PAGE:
THE BLOG
04/13/2010 05:12 am ET Updated Nov 17, 2011

Five Reasons Why Evolution Is Important

Today is the 201st birthday of Charles Darwin. It is worth celebrating this anniversary not only because of Darwin's great contributions to science, but also because of the practical ways his theory of evolution improves our lives today.

Here are five reasons--drawn from medicine--why evolution is important:

1. H1N1 & Emerging Diseases

The outbreak of the H1N1 "swine flu" in 2009 reminds us of our vulnerability to emerging diseases. Like SARS in 2002, H1N1's abrupt appearance emphasizes the fact that viruses evolve, producing new and potentially pandemic-causing contagions. In our highly mobile world, new viruses can jump continents in mere hours via planes. Rapid evolution combined with rapid travel mean that emerging diseases threaten human health as never before--and therefore, understanding how these diseases evolve is vital as never before.

2. HIV
One reason no vaccine against HIV has yet been found is that HIV is one of the fastest evolving entities known to science. HIV's rapid, "Borg"-like adaptability means that the key to defeating this scourge may lie in better understanding of how viruses evolve.

Evolution helps us understand HIV's origins. Because we know that HIV and SIV (simian immunodeficiency virus) share a common viral ancestor, this opens other avenues of research into ultimately defeating HIV.

The technique of applying drug cocktails to HIV-infected patients has proven remarkably successful. The evolutionary idea with drug cocktails is that because HIV evolves so quickly, one single drug will usually leave some surviving viruses; a multi-drug approach has better success. Moreover, periodically switching the cocktail's components helps eliminate viruses which have evolved resistance. All of these techniques rest upon a scientific understanding of evolution.

3. Vaccines
With the exception of clean drinking water, few technologies have improved human health more than vaccines. While misinformed celebrities may peddle long-discredited superstitions about links between childhood vaccines and autism, the truth is that untold millions of adults are alive and healthy today because as children they received vaccines. Vaccines work so well, in fact, that today the horrors of smallpox and polio epidemics are fading memories.

Vaccines exploit the efficiency of our own immune system to recognize and eliminate microbial threats that have been previously introduced into our bodies. Because these threats evolve, vaccines must change too. The flu shot you received this year will not protect you against next year's bug because flu viruses evolve quickly. Evolution makes sense of the need for a new vaccine every year, and point the way toward developing it.

4. Antibiotic Resistance

Penicillin was once a "miracle" drug, but today medical professionals find a host of diseases--from staph infections to tuberculosis--evolving resistance to antibiotics.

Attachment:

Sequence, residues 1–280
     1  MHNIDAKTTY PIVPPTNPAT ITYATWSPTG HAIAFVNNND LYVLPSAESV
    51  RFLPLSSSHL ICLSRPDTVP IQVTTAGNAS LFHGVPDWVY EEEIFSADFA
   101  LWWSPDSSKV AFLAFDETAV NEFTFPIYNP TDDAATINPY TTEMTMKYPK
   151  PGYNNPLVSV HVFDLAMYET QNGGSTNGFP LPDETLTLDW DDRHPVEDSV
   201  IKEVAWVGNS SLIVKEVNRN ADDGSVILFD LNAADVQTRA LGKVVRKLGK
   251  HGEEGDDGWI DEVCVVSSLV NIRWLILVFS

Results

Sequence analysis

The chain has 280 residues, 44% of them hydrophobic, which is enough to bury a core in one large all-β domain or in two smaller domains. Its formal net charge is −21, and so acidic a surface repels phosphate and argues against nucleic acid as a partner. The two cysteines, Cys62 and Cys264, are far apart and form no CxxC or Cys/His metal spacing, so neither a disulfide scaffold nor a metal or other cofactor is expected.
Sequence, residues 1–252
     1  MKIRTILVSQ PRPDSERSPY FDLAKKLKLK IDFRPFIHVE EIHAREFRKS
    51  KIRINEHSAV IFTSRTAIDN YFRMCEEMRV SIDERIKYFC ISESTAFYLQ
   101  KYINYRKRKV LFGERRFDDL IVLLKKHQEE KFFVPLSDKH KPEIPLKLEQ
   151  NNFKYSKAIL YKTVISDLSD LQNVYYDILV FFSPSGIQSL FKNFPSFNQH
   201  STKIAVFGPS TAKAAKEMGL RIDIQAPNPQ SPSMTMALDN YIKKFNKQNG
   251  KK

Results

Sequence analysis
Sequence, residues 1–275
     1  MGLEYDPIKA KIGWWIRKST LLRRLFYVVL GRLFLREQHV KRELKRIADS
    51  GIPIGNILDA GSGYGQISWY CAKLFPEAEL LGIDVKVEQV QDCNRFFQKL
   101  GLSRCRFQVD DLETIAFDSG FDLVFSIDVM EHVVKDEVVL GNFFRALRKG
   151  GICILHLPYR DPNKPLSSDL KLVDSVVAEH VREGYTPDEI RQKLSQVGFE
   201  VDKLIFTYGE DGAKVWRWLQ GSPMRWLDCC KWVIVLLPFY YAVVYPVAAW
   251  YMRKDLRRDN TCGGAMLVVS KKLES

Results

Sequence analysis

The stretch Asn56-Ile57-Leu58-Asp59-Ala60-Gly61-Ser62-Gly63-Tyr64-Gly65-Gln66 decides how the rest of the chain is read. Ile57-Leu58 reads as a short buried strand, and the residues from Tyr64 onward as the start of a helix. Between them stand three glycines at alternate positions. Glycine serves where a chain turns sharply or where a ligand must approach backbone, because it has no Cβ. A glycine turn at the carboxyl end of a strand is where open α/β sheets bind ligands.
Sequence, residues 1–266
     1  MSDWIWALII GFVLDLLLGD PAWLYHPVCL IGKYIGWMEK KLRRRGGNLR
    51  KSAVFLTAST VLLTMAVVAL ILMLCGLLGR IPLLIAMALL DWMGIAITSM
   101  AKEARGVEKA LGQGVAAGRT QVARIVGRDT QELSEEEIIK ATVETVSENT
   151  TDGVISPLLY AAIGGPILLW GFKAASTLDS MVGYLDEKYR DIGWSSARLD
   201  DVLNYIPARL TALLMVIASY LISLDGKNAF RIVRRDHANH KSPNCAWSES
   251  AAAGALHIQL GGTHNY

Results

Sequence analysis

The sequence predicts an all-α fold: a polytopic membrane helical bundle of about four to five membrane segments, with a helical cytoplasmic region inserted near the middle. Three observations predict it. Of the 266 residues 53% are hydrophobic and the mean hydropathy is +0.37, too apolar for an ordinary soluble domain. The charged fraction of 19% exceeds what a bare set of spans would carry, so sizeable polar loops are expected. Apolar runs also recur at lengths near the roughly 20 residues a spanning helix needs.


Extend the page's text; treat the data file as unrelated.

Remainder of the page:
The origin of antibiotic-resistant organisms is a textbook example of natural selection. Patients infected with a diverse population of bacteria are given an antibiotic that wipes out almost all the bacteria. If they start to feel better and do not finish the full course of antibiotics, what is left behind are those bacteria most resistant to the drug. Those survivors then become the nucleus of a new, resistant population. Understanding this evolutionary process is an important part of modern public health.

5. Drug Development
New drugs must be tested for a variety of safety factors, yet we cannot simply give unknown drugs to human test subjects and hope for the best. Because we know from evolution that we share a common ancestor with animals such as mice, dogs, and macaques, we can test drugs on these animals without endangering humans. The billions of dollars spent by pharmaceutical companies on animals testing depend on a practical application of evolution.

Evolution has also helped scientists identify sources of lifesaving drugs. The Pacific Yew tree, for example, was once the only source of Taxol, a remarkable drug used to fight ovarian, lung, and breast cancer. This endangered tree grows very slowly, however, and 4-6 trees would be destroyed to produce just one dose of Taxol.

Evolution came to rescue. Scientists used the evolutionary history of the Pacific Yew to trace back other trees in its family line, discovering Taxol-like compounds in more common trees. Evolution guided scientists in finding a replacement to the Pacific Yew, thus dramatically increasing the supply of Taxol available to cancer patients. Evolution saves lives.

These are only a handful of the reasons why evolution is important to medicine (and more information can be found here and here). There are a host of other applications of evolution--agriculture, forensics, bioengineering. But the importance of evolution extends beyond its practical side; evolution explains the diversity of life on this planet, shows us our connection to other living things, and reveals profound insights into the processes of nature.

Today, on Darwin's 201st birthday, take a moment to reflect on the importance of evolution.